Monday, December 5, 2011

December 5, 1862: Hindman moves into the Boston Mountains, Skirmishing Begins

Cove Creek Road
General Hindman's Confederate army left its bivouac at Oliver's store in northern Crawford County (see The March to Prairie Grove Continues...) on the morning of December 5th, 149 years ago today. The Battle of Prairie Grove was now only two days away.

As the infantrymen trudged north on the Cove Creek Road, which intersected with the Telegraph (Wire) Road at Oliver's, they knew a hard fight was coming. The urgency of the officers, the sudden move into the mountains, the rumors sweeping through the ranks all combined to create a buzz of both fear and anticipation among the men. They also knew enough of the country to know that the day's march would be a difficult one.

Hindman described the road taken by his force:

Old Road from Morrow's Station to Cane Hill
...[The road] turns to the left from the Telegraph road at Oliver's, 19 miles above Van Buren, follows the valley of Cove Creek to the foot of the mountains, and, after crossing, passes through a succession of defiles, valleys, and prairies, reaching Fayetteville from a southwesterly direction. At Morrow's, 15 miles above Oliver's, the Cove Creek road sends a branch direct to Newburg, 7 miles distant. - Maj. Gen. Thomas C. Hindman, C.S.A., December 25, 1862.

As discussed in yesterday's post, the Morrow's mentioned here should not be confused with the modern community of Morrow (a few miles southwest of Cane Hill). There was a community called Morrow's in existence at that site in 1862, but the Morrow's referred to by Hindman was actually Morrow's Station, a stop on the Cove Creek Road. The community of Newburg mentioned in his report was one of the three villages located along the Cane Hill ridge.

Marmaduke's cavalry division was moving up into the mountains well ahead of Hindman's man force, scouting for any sign of Federal activity. He reported his strength by brigade as: Carroll's (under Col. J.C. Monroe), 500 effective men, Shelby's (under Col. Jo. Shelby), 1,100 effective men and MacDonald's (under Col. Emmett MacDonald), 700 effective men. This put the total Confederate cavalry strength at around 2,300 men.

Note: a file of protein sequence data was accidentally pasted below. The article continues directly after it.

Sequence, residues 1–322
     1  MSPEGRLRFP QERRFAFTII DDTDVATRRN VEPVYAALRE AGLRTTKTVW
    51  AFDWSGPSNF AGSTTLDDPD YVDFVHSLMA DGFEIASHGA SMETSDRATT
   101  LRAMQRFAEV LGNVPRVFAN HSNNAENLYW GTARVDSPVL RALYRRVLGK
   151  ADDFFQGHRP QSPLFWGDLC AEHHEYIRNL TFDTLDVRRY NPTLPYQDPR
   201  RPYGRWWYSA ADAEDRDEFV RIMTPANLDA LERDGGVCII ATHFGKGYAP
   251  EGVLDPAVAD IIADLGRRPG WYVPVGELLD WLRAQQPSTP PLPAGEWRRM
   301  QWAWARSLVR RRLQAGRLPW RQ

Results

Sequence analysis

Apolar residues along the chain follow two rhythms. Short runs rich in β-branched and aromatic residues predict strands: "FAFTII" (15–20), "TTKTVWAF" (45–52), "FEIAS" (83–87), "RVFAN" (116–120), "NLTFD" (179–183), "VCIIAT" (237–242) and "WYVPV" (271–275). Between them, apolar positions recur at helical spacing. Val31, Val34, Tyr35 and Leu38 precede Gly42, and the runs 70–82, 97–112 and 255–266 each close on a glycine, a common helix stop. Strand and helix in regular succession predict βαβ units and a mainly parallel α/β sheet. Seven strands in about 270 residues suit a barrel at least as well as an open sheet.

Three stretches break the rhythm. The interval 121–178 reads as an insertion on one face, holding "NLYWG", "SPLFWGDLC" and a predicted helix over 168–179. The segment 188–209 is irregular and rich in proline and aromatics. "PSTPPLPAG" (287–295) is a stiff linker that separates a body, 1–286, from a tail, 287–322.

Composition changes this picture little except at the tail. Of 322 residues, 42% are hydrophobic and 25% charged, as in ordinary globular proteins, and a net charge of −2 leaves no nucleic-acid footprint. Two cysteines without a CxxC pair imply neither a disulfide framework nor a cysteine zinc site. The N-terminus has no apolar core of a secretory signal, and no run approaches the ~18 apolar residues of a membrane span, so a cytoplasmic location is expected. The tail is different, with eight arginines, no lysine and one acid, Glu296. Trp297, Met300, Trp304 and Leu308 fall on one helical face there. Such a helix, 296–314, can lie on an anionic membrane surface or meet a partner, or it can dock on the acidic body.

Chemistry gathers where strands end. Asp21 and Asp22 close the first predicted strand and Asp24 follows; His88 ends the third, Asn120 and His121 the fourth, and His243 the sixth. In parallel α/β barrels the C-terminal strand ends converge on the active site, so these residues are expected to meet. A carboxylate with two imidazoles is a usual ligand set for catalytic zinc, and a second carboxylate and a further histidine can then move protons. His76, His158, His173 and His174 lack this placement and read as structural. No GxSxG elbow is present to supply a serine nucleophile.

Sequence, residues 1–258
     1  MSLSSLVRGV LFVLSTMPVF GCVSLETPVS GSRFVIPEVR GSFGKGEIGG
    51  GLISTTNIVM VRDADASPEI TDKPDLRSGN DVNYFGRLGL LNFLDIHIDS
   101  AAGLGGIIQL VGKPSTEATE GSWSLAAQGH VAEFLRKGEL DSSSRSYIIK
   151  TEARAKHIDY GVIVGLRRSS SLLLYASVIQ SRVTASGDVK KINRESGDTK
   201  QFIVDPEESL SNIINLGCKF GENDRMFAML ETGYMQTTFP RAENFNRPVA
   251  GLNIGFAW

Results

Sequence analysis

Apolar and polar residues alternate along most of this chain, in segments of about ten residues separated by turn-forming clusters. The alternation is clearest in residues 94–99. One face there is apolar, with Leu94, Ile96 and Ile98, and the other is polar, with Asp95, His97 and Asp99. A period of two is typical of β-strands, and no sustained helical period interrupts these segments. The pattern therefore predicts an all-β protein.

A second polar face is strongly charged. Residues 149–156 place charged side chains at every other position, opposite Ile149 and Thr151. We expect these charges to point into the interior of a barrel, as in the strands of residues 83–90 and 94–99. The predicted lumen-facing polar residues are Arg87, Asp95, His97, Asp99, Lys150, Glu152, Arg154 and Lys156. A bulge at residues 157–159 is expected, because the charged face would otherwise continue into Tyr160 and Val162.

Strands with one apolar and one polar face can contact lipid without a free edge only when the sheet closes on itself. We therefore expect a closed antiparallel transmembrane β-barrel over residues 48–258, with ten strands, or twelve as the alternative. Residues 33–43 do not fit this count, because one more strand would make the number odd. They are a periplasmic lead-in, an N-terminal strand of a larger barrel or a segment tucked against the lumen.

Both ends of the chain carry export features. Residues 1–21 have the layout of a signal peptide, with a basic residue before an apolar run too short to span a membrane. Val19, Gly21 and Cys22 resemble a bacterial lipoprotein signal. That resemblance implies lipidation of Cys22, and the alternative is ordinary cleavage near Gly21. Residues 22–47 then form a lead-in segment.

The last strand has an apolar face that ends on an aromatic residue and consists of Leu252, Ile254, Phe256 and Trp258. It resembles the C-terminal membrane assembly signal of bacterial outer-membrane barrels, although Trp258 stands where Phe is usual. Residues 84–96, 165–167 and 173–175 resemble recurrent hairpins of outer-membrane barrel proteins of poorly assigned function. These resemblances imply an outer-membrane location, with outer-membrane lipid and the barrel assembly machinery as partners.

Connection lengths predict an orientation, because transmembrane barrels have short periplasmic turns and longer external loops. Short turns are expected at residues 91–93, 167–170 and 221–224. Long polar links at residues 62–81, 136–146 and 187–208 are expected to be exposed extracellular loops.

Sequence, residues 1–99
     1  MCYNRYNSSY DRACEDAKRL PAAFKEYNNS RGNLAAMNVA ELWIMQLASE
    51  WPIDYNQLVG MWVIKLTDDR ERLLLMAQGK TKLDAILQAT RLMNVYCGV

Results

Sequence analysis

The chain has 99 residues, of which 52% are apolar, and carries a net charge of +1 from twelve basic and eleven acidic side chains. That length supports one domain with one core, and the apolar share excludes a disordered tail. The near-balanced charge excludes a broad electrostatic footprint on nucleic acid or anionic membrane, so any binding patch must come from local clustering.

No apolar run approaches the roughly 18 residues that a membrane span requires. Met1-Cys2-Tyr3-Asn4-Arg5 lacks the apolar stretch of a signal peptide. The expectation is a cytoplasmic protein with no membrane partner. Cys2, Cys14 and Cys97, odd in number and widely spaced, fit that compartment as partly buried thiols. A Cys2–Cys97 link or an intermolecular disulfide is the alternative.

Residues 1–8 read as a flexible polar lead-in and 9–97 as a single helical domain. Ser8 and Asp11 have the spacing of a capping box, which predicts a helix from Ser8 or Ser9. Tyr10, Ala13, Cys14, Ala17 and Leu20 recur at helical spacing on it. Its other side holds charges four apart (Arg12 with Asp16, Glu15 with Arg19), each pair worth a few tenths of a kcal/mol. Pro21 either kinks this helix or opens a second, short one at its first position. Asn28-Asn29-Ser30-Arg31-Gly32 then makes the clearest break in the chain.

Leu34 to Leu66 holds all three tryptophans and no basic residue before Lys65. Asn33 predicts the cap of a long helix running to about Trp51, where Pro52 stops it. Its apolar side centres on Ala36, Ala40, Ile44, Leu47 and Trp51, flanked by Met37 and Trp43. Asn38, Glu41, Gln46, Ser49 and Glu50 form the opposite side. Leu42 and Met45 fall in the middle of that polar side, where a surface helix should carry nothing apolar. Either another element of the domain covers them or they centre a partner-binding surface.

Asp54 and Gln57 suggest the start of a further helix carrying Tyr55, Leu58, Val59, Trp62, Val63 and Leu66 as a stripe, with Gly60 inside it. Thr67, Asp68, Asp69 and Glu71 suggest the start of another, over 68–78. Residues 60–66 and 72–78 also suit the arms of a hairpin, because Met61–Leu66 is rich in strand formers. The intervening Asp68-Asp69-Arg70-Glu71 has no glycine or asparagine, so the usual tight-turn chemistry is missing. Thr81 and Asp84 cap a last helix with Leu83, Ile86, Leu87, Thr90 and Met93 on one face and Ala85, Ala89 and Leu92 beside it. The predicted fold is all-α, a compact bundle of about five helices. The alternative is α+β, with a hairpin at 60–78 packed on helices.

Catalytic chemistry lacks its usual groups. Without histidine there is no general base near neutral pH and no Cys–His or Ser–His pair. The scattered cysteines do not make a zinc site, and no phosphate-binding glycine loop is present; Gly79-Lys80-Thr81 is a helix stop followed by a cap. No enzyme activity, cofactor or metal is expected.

Map showing key positions of Hindman's Advance
Click Map to Enlarge
The three cavalry brigades had been moving parallel to each other along the Cove Creek, Line and Telegraph Roads. Monroe crossed over on the 5th, however, and united with Shelby on the Cove Creek Road about 10 miles north of Oliver's. McDonald, meanwhile, continued to advance north from Oliver's store on the Telegraph (Wire) Road, watching for any sign of the enemy to Hindman's right.

Gen. John S. Marmaduke, C.S.A.
It did not take long for the Confederate horsemen to run into their Union counterparts. Federal cavalry was out picketing the Cove Creek and Telegraph Roads. The Southern cavalry pushed them and the Union pickets fell back ahead of them. As Shelby near Morrow's Station, however, he encountered a stronger Federal force and called a halt for the night.

Hindman had hoped to reach Morrow's with his infantry by the night of December 5, 1862. On paper this was a reasonable goal, as he estimated the distance from Oliver's store up the Cove Creek Road to that place to be around 15 miles, the standard day's march for an infantry force. The terrain, however, was much more difficult than he expected and his men were hungry, weak and unable to keep up the necessary pace. Instead of over-exerting them, he called a halt a few miles south of Morrow's and allowed his men to rest for the night.

The first heavy fighting of what would develop into the Battle of Prairie Grove would take place on Reed's Mountain between Morrow's Station and Cane Hill the next day.

I will continue posting on the Prairie Grove Campaign tomorrow. Until then, you can read more at

No comments: